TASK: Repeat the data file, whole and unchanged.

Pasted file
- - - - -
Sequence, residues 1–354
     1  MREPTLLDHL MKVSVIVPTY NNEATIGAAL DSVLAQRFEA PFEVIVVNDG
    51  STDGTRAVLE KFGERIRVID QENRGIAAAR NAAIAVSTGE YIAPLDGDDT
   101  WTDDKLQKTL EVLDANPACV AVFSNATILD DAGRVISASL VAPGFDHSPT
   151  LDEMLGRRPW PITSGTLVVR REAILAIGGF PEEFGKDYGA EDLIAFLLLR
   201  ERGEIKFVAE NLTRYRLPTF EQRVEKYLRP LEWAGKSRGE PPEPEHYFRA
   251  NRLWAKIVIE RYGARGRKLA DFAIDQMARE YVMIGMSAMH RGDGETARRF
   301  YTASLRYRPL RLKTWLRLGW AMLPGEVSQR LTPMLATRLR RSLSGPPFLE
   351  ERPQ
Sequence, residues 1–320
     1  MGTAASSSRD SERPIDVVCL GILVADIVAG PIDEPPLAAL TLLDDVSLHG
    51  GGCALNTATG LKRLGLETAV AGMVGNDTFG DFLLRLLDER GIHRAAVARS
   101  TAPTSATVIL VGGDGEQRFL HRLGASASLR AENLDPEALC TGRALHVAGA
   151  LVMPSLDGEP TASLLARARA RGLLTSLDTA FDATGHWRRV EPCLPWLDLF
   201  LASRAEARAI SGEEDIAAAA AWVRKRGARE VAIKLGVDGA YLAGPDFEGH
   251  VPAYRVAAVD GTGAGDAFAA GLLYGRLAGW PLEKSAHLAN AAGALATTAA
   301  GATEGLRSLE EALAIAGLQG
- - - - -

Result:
Sequence, residues 1–354
     1  MREPTLLDHL MKVSVIVPTY NNEATIGAAL DSVLAQRFEA PFEVIVVNDG
    51  STDGTRAVLE KFGERIRVID QENRGIAAAR NAAIAVSTGE YIAPLDGDDT
   101  WTDDKLQKTL EVLDANPACV AVFSNATILD DAGRVISASL VAPGFDHSPT
   151  LDEMLGRRPW PITSGTLVVR REAILAIGGF PEEFGKDYGA EDLIAFLLLR
   201  ERGEIKFVAE NLTRYRLPTF EQRVEKYLRP LEWAGKSRGE PPEPEHYFRA
   251  NRLWAKIVIE RYGARGRKLA DFAIDQMARE YVMIGMSAMH RGDGETARRF
   301  YTASLRYRPL RLKTWLRLGW AMLPGEVSQR LTPMLATRLR RSLSGPPFLE
   351  ERPQ
Sequence, residues 1–320
     1  MGTAASSSRD SERPIDVVCL GILVADIVAG PIDEPPLAAL TLLDDVSLHG
    51  GGCALNTATG LKRLGLETAV AGMVGNDTFG DFLLRLLDER GIHRAAVARS
   101  TAPTSATVIL VGGDGEQRFL HRLGASASLR AENLDPEALC TGRALHVAGA
   151  LVMPSLDGEP TASLLARARA RGLLTSLDTA FDATGHWRRV EPCLPWLDLF
   201  LASRAEARAI SGEEDIAAAA AWVRKRGARE VAIKLGVDGA YLAGPDFEGH
   251  VPAYRVAAVD GTGAGDAFAA GLLYGRLAGW PLEKSAHLAN AAGALATTAA
   301  GATEGLRSLE EALAIAGLQG